Genetic variants and pathways implicated in a pediatric inflammatory bowel disease cohort

Shaw KA1, Cutler DJ1, Okou D2, Dodd A2, Aronow BJ3, Haberman Y4, Stevens C5, Walters TD6, Griffiths A6, Baldassano RN7, Noe JD8, Hyams JS9, Crandall WV10, Kirschner BS11, Heyman MB12, Snapper S13, Guthery S14, Dubinsky MC15, Shapiro JM16, Otley AR17, Daly M5, Denson LA4, Kugathasan S2, Zwick ME18. Genes Immun. 2018 Mar 28. doi: 10.1038/s41435-018-0015-2. [Epub ahead of print]

Author information

1 Department of Human Genetics, Emory University, Atlanta, GA, USA.

2 Department of Pediatrics, Emory University, Atlanta, GA, USA.

3 Division of Biomedical Informatics, Cincinnati Children's Hospital Medical Center, Cincinnati, OH, USA.

4 Division of Pediatric Gastroenterology, Hepatology, and Nutrition, Cincinnati Children's Hospital Medical Center, Cincinnati, OH, USA.

5 Broad Institute of MIT and Harvard, Cambridge, MA, USA.

6 Division of Pediatric Gastroenterology, Hepatology and Nutrition, Department of Pediatrics, The Hospital for Sick Children, University of Toronto, Toronto, ON, Canada.

7 Department of Pediatrics, University of Pennsylvania, Children's Hospital of Philadelphia, Philadelphia, PA, USA.

8 Department of Pediatric Gastroenterology, Hepatology, and Nutrition, Medical College of Wisconsin, Milwaukee, WI, USA.

9 Division of Digestive Diseases, Hepatology, and Nutrition, Connecticut Children's Medical Center, Hartford, CT, USA.

10 Department of Pediatric Gastroenterology, Nationwide Children's Hospital, The Ohio State University College of Medicine, Columbus, OH, USA.

11 Department of Pediatrics, The University of Chicago Comer Children's Hospital, Chicago, IL, USA.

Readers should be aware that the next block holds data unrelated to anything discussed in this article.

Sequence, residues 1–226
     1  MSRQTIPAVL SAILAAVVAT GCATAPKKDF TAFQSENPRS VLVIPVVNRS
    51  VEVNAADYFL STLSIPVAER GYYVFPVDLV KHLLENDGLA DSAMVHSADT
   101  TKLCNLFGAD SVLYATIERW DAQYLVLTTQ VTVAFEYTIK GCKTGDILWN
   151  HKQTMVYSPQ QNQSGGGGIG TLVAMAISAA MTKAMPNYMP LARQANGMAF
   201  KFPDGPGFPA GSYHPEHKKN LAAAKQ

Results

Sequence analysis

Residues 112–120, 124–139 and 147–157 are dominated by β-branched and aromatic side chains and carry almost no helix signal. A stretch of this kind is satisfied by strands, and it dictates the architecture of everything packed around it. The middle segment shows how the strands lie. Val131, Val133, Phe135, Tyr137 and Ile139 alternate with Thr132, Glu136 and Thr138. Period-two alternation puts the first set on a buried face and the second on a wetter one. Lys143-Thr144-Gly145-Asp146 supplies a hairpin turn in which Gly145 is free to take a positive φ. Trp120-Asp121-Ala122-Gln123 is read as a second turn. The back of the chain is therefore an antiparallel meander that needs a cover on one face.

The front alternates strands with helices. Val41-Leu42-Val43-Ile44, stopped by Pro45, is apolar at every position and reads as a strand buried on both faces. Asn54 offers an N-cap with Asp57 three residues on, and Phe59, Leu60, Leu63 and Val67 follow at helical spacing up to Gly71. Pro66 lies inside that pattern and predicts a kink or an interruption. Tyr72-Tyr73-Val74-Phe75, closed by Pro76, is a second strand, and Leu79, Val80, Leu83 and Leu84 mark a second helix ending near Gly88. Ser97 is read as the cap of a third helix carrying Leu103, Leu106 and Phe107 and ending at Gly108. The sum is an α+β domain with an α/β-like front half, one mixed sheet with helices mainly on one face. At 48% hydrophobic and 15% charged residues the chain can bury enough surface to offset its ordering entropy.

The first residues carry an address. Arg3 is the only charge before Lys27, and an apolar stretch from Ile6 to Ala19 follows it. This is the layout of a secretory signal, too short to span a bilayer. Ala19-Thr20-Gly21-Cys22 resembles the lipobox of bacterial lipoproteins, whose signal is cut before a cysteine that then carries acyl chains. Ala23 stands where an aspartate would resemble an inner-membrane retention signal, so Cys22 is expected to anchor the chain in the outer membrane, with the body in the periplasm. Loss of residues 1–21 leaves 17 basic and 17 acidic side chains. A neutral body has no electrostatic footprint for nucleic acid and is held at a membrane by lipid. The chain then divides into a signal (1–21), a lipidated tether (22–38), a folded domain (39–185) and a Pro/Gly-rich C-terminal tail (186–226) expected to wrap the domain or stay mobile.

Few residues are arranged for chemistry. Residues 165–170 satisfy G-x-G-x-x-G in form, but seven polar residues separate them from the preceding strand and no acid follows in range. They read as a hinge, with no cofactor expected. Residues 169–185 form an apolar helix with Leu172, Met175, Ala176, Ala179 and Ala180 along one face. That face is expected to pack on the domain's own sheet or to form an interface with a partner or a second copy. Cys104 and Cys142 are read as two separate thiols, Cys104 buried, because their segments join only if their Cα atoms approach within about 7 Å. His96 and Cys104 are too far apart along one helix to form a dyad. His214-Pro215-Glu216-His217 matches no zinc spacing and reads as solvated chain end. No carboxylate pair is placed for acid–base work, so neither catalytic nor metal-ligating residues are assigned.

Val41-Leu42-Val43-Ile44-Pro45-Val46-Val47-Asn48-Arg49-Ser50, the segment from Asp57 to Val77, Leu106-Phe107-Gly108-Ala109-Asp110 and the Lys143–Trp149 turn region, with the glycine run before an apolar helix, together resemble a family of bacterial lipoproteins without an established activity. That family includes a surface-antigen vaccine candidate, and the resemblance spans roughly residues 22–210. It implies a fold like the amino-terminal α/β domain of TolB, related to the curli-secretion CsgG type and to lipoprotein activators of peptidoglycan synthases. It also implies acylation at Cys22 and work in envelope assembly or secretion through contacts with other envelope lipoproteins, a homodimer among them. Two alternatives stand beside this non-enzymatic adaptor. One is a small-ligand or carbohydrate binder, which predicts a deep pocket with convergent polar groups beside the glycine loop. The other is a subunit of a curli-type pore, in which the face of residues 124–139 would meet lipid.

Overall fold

12 Department of Pediatrics, University of California at San Francisco, San Francisco, CA, USA.

13 Department of Gastroenterology and Nutrition, Boston Children's Hospital, Boston, MA, USA.

14 Department of Pediatrics, University of Utah, Salt Lake City, UT, USA.

15 Department of Pediatrics, Mount Sinai Hospital, New York, NY, USA.

16 Department of Pediatrics, Hasbro Children's Hospital, Providence, RI, USA.

17 Department of Pediatrics, Dalhousie University, Halifax, NS, Canada.

18 Department of Human Genetics, Emory University, Atlanta, GA, USA. mzwick@emory.edu.

Abstract In the United States, approximately 5% of individuals with inflammatory bowel disease (IBD) are younger than 20 years old. Studies of pediatric cohorts can provide unique insights into genetic architecture of IBD, which includes Crohn's disease (CD) and ulcerative colitis (UC). Large genome-wide association studies have found more than 200 IBD-associated loci but explain a minority of disease variance for CD and UC. We sought to characterize the contribution of rare variants to disease development, comparing exome sequencing of 368 pediatric IBD patients to publicly available exome sequencing (dbGaP) and aggregate frequency data (ExAC). Using dbGaP data, we performed logistic regression for common variants and optimal unified association tests (SKAT-O) for rare, likely-deleterious variants. We further compared rare variants to ExAC counts with Fisher's exact tests. We did pathway enrichment analysis on the most significant genes from each comparison. Many variants overlapped with known IBD-associated genes (e.g. NOD2). Rare variants were enriched in CD-associated loci (p = 0.009) and showed suggestive enrichment in neutrophil function genes (p = 0.05). Pathway enrichment implicated immune-related pathways, especially cell killing and apoptosis. Variants in extracellular matrix genes also emerged as an important theme in our analysis.

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